Lesson 32


The Epistle to the Romans

World English Bible translation

 Today's Scripture

9:14 What will we say then? Is there unrighteousness with God? Certainly not! 9:15 For he said to Moses, "I will have mercy on whom I have mercy, and I will have compassion on whom I have compassion." 9:16 So then it is not of him who wills, nor of him who runs, but of God who has mercy. 9:17 For the scripture says to Pharaoh, "For this very purpose I caused you to be raised up, that I might show in you my power, and that my name might be published abroad in all the earth." 9:18 So then, he has mercy on whom he desires, and he hardens whom he desires. 9:19 You will say then to me, "Why does he still find fault? For who withstands his will?" 9:20 But no, man, who are you who replies against God? Will the thing formed ask him who formed it, "Why did you make me like this?" 9:21 Or hasnít the potter a right over the clay, from the same lump to make one part a vessel for honor, and another for dishonor?


 Today's Lesson 

Paul had used the example of Jacob and Esau and quoted the scripture, "Jacob I loved, but Esau I hated." He used this passage to prove the idea that God makes sovereign choices in the lives of men. By grace, God chooses some sinners for redemption and does not choose others. Neither is deserving of God's grace and it is not based on merit. Some people are disturbed by the sovereignty of God. We would prefer to be free agents capable of being responsible for our own fate and for our own choices. So Paul asks, if God does make choices and elects some to salvation, "Is there unrighteousness with God?"

 

Because this discussion is primarily used in this Epistle to discuss why some Israelites have been chosen to follow Christ and some have not, Paul uses another example from the history of Israel. When Israel was at Mt. Sinai and the law was being given, Moses asked to see God so that he might know that God had truly chosen him. He requested a special revelation. God granted his request partially and told Moses, "I will have mercy on whom I have mercy, and I will have compassion on whom I have compassion."

 

God chose Moses before birth but God did not actively begin to use him until he was almost 80 years old. Moses had had to flee Egypt when he had committed a murder. He was an exiled stranger in a foreign land when God appeared to him in the revelation of the burning bush. The choice of Moses was one of the choices of God that was not based on merit or talent. Even Moses did not think himself to be an appropriate choice to be the leader of the people and God had to persuade him that he would be assisted by his brother and by the power of God. Moses had been a prince in Egypt and God had not used him at that time. God waited until he was an old man, without personal power or authority and discredited in the land where he had been raised.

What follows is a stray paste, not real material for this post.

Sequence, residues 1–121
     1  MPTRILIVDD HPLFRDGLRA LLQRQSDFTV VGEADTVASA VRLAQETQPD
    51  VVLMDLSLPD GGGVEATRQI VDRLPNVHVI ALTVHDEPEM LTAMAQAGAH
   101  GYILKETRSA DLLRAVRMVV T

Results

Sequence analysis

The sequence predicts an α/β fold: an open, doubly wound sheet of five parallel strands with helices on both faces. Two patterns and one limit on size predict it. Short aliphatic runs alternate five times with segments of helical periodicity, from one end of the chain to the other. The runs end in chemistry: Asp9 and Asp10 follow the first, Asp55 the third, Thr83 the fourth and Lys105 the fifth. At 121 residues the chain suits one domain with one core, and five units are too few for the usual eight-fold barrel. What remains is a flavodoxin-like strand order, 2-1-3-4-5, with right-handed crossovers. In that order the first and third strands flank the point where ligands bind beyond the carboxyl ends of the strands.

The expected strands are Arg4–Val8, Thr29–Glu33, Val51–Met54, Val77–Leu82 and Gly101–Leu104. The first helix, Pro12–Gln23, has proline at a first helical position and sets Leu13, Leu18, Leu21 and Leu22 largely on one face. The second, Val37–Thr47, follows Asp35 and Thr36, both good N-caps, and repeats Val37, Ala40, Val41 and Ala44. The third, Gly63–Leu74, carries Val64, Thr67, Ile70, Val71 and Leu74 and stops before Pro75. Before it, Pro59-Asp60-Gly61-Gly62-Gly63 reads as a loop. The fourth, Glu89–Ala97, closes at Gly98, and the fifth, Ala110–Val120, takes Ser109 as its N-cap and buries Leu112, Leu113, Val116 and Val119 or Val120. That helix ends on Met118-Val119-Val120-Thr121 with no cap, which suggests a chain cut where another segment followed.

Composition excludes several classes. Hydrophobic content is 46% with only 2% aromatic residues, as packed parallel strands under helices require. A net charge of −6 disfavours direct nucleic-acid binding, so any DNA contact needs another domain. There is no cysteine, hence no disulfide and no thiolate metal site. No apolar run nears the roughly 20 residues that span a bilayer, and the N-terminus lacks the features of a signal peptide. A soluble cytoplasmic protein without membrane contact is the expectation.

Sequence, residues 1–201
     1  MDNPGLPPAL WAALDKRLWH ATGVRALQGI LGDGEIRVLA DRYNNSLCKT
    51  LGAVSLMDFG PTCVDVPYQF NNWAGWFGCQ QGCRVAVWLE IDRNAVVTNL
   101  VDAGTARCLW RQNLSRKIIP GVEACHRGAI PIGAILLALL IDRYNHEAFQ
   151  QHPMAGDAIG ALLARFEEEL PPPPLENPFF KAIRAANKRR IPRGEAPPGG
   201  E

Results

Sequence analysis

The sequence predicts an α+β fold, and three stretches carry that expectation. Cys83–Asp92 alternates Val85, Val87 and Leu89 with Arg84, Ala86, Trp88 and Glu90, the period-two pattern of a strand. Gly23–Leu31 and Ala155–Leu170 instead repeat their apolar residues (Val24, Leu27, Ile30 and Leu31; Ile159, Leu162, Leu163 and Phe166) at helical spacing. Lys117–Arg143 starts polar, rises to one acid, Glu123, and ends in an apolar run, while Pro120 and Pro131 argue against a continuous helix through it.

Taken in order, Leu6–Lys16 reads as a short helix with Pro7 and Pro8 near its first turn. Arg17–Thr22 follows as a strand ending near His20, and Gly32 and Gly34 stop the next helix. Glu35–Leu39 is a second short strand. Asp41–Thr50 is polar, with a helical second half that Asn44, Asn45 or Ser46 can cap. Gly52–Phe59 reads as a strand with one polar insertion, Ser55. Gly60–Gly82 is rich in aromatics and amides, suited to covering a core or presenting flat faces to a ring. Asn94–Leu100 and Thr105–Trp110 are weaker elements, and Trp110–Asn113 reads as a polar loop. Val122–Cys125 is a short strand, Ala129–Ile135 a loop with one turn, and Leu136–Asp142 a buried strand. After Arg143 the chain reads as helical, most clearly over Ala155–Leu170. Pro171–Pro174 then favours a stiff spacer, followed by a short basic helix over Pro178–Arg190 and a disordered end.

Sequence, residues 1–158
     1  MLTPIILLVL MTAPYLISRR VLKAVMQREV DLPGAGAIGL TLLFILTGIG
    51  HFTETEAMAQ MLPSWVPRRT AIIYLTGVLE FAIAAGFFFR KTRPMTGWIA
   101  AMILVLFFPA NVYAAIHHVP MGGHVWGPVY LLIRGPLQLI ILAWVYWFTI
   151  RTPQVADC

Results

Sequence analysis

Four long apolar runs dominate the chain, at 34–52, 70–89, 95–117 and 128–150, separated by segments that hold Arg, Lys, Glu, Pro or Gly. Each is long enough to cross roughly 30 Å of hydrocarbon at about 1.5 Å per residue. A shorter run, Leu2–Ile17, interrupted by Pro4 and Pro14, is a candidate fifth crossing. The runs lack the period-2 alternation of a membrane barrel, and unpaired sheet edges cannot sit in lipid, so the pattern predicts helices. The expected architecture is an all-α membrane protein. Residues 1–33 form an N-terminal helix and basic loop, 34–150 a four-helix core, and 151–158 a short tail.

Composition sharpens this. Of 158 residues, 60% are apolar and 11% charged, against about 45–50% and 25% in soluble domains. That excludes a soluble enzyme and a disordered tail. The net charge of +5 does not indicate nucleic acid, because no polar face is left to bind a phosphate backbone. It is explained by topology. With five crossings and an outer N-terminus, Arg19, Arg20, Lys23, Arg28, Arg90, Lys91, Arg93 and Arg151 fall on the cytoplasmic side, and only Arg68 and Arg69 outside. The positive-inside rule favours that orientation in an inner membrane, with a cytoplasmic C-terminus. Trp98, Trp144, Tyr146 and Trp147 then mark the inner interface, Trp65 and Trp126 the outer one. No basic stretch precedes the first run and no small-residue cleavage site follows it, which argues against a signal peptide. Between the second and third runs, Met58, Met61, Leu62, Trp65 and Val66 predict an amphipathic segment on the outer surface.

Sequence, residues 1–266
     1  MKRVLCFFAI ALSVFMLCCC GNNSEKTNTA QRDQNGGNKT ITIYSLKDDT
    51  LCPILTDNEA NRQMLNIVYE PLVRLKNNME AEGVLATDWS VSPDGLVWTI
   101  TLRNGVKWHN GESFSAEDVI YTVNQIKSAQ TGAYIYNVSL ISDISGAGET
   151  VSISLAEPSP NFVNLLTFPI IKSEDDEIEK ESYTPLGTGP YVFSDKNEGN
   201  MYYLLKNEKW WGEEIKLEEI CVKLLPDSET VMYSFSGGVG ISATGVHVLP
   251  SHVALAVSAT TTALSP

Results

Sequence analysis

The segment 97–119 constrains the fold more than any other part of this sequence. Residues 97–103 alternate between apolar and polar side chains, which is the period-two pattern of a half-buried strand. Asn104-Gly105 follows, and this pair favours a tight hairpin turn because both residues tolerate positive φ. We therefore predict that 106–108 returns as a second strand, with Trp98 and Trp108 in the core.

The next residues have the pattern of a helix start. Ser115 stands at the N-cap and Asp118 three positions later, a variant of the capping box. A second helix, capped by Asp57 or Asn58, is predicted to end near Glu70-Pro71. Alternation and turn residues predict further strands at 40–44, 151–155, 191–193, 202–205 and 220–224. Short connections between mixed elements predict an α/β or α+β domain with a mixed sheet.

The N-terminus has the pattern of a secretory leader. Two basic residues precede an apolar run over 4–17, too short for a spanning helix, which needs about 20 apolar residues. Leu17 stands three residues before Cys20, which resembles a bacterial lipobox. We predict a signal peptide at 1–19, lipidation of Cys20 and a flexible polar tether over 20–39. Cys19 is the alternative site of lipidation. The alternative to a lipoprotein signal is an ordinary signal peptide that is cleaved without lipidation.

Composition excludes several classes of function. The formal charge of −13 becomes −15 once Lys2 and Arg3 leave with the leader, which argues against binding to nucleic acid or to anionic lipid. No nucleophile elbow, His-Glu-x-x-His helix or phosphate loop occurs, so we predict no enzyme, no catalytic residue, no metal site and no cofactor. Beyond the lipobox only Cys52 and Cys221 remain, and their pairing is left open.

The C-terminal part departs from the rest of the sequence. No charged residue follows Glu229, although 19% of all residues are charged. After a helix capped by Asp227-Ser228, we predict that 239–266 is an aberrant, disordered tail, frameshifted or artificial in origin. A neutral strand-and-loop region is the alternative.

Paul contrasts Moses with Pharaoh, who opposed Moses and at first refused to release the people from the bondage of slavery. Pharaoh was the most powerful ruler in the world. God opposed the most powerful man in the world with an old man who had spent forty years in a backwater working principally as a shepherd for his father-in-law. God makes these choices in order to demonstrate His power and authority. The Jews had made Moses into a hero and a champion. God had chose him because he was powerless and discredited. It was a choice based on grace and mercy.

 

God is the creator of this world. He is like a potter who looks at one lump of clay and makes a common bowl for everyday use. The potter looks at the next lump of clay and chooses to make a beautiful vessel for a special purpose. The glory is not in the clay but in the artistry of the potter. It is not for us to question the purposes of God. We are the work of God's hands, created for his purpose and designed according to His plans.

 

We are responsible to God for our own lives and conduct. In whatever circumstance we have been placed in life God's desire is that we bring glory and honor to the Creator through our lives and our faith. God has formed your life. Moses waited in the desert of Midian for forty years. He had been a prince in Egypt with riches and power. Now he was an exiled murderer assigned the task to watch over a few sheep. He tended the sheep and grew older and for forty years God did not speak with him.

 

Sometimes the potter chooses the most unlikely lump of clay to make the most beautiful of vessels. Especially the best of potters. Is your life open to the touch of the potter? Do you believe in a God who can make something beautiful out of even your worst experiences?

 

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